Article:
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Weekly vol 5 sanctions updates from around the world

Published Date:

In the latest edition of our Sanctions Watch weekly digest, we provide updates on sanctions and regulatory developments around the world.

One of the major updates originates from the U.S. Department of the Treasury’s Office of Foreign Assets Control (OFAC). They recently published part 526 under Title 31 of the Code of Federal Regulations. This move is in response to Executive Order 14078 and aims to strengthen efforts to bring U.S. hostages and wrongfully detained nationals back home. The implementation of these regulations is expected to have significant implications for individuals and entities involved in such activities.

The United Kingdom’s Export Control Joint Unit (ECJU) has also acted to tighten export controls to Haiti. A notice to exporters has been issued, requiring licenses for all military goods transiting through the UK. This decision comes as a response to specific concerns and developments in the region, and it is likely to impact businesses and trade involving military equipment to and from Haiti.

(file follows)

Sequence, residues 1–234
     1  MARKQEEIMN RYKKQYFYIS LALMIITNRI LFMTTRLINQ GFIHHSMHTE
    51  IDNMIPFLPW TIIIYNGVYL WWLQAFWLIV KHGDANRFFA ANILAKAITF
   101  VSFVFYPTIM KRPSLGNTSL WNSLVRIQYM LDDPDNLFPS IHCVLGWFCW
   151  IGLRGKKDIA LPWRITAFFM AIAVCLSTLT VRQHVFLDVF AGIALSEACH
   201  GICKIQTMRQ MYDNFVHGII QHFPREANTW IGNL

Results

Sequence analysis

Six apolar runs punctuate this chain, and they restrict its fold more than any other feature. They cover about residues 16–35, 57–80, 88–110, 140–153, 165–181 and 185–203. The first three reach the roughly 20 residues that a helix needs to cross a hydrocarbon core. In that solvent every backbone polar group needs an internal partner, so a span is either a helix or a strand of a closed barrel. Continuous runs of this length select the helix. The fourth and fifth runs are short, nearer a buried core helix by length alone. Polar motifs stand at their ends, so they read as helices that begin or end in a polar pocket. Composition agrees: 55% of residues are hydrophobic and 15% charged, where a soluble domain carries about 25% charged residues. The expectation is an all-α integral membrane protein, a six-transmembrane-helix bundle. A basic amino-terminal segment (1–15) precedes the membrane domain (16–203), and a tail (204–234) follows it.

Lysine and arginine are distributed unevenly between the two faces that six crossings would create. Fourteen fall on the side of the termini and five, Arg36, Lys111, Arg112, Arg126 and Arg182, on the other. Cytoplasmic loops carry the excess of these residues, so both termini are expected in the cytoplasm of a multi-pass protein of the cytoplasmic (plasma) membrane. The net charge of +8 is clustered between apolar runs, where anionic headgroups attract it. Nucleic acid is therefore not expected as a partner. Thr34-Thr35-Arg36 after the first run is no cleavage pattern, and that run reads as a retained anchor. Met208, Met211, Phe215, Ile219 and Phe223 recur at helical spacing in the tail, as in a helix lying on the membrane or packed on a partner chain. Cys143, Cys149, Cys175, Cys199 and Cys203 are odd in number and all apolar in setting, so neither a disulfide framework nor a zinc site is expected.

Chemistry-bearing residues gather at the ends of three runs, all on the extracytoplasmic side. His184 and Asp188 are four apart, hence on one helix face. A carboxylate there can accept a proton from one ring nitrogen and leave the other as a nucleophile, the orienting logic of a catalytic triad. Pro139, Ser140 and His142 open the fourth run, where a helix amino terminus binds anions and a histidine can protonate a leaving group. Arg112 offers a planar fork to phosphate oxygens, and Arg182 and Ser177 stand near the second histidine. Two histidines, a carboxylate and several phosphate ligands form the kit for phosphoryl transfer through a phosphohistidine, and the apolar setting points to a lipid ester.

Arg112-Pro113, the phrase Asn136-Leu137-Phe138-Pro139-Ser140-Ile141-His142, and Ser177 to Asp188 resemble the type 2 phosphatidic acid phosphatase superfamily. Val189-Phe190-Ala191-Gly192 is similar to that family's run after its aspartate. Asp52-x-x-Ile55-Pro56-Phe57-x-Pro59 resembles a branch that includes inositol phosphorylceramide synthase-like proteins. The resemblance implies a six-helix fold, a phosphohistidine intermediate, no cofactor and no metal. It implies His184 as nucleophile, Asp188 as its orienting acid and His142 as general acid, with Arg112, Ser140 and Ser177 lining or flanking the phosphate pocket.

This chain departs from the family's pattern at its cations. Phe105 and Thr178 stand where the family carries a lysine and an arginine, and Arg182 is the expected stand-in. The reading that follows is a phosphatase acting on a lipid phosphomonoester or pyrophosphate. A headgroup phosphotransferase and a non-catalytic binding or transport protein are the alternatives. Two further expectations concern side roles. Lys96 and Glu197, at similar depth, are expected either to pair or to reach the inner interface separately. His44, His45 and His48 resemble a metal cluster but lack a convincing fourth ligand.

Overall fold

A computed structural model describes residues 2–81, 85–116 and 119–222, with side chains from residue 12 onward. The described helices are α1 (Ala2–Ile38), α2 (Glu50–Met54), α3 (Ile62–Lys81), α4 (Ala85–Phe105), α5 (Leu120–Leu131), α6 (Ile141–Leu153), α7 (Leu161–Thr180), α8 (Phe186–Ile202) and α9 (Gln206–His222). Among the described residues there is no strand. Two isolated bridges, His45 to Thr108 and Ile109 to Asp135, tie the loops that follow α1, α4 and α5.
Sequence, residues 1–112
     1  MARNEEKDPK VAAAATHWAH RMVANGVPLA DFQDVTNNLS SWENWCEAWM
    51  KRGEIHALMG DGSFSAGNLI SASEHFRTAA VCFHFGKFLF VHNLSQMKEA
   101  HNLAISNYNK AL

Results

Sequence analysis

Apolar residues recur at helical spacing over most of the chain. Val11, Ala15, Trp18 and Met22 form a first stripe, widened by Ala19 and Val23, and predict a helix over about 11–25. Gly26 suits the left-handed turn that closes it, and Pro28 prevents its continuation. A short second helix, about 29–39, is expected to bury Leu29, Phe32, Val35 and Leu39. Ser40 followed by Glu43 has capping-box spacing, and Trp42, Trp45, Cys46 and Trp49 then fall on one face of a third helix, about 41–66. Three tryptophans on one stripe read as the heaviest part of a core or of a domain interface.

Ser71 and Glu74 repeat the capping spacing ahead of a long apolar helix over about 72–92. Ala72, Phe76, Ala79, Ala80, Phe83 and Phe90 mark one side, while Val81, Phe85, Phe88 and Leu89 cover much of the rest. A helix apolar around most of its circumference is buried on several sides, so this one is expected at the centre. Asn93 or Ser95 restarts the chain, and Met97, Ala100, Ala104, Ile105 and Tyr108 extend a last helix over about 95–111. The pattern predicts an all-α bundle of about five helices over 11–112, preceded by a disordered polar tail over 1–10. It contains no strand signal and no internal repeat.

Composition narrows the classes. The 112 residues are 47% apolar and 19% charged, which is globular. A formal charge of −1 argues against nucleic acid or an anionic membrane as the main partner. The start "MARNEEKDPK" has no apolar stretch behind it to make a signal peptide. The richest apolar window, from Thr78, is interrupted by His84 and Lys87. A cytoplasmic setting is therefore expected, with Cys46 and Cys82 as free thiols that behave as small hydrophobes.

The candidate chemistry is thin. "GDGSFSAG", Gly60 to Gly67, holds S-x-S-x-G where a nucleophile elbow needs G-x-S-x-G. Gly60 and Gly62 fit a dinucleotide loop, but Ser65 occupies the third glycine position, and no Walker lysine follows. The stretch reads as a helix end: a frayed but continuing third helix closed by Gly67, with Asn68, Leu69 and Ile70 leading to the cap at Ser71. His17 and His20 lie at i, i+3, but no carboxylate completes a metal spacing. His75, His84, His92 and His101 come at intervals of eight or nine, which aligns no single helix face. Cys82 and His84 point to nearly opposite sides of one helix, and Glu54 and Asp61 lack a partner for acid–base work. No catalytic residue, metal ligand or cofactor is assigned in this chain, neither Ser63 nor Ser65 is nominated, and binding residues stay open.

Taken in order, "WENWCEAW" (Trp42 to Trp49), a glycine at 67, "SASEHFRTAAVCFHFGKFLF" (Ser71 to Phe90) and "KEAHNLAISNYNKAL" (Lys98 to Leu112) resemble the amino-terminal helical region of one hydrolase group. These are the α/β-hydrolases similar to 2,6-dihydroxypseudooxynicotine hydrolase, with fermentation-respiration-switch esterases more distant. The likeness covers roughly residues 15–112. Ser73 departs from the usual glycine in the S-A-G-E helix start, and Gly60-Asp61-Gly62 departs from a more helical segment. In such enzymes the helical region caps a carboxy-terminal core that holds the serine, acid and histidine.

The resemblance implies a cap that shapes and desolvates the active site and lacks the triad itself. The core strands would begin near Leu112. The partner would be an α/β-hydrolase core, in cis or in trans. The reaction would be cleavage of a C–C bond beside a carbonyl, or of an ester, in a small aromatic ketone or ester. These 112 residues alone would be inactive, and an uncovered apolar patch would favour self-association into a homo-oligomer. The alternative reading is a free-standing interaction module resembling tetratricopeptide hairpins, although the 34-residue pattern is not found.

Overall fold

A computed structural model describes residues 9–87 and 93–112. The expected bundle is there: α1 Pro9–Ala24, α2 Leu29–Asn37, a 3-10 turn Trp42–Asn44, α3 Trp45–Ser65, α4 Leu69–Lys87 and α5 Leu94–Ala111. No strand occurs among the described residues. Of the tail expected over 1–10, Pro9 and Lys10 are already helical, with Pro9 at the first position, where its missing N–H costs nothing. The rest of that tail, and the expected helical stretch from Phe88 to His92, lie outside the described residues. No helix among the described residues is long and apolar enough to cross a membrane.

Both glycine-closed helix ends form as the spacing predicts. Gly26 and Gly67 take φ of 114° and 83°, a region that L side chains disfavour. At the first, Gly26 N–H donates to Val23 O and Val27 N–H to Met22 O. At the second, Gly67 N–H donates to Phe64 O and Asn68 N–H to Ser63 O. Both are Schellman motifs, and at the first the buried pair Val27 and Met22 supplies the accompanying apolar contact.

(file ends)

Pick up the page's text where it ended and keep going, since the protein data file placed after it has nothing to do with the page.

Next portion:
In a separate development, several countries with aspirations for EU accession and EFTA countries have aligned themselves with the European Union’s 11th package of sanctions against Russia. The candidate countries include North Macedonia, Montenegro, Albania, Ukraine, Bosnia, and Herzegovina. Iceland, Liechtenstein, and Norway, members of the European Free Trade Association (EFTA), have also joined the EU’s sanctions efforts. This concerted action reflects a unified response to the ongoing geopolitical situation and may have far-reaching consequences for diplomatic and economic relations.

Lastly, there has been a notable development in Poland, where the government has taken a significant step against entities linked to Vyacheslav Kantor. Poland has become the first country in Europe to place three designated entities, controlled by Kantor, under compulsory administration. This unprecedented move signifies a strong stance against those subject to sanctions and could set a precedent for how other nations handle similar situations in the future.